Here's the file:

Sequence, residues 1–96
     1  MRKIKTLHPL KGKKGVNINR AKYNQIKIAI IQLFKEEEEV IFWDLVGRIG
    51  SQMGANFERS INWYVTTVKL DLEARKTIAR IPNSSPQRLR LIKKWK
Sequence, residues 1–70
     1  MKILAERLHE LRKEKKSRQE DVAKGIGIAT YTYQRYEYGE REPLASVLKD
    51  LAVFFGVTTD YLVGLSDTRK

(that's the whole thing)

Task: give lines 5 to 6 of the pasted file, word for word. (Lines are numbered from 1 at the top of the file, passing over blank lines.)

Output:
     1  MKILAERLHE LRKEKKSRQE DVAKGIGIAT YTYQRYEYGE REPLASVLKD
    51  LAVFFGVTTD YLVGLSDTRK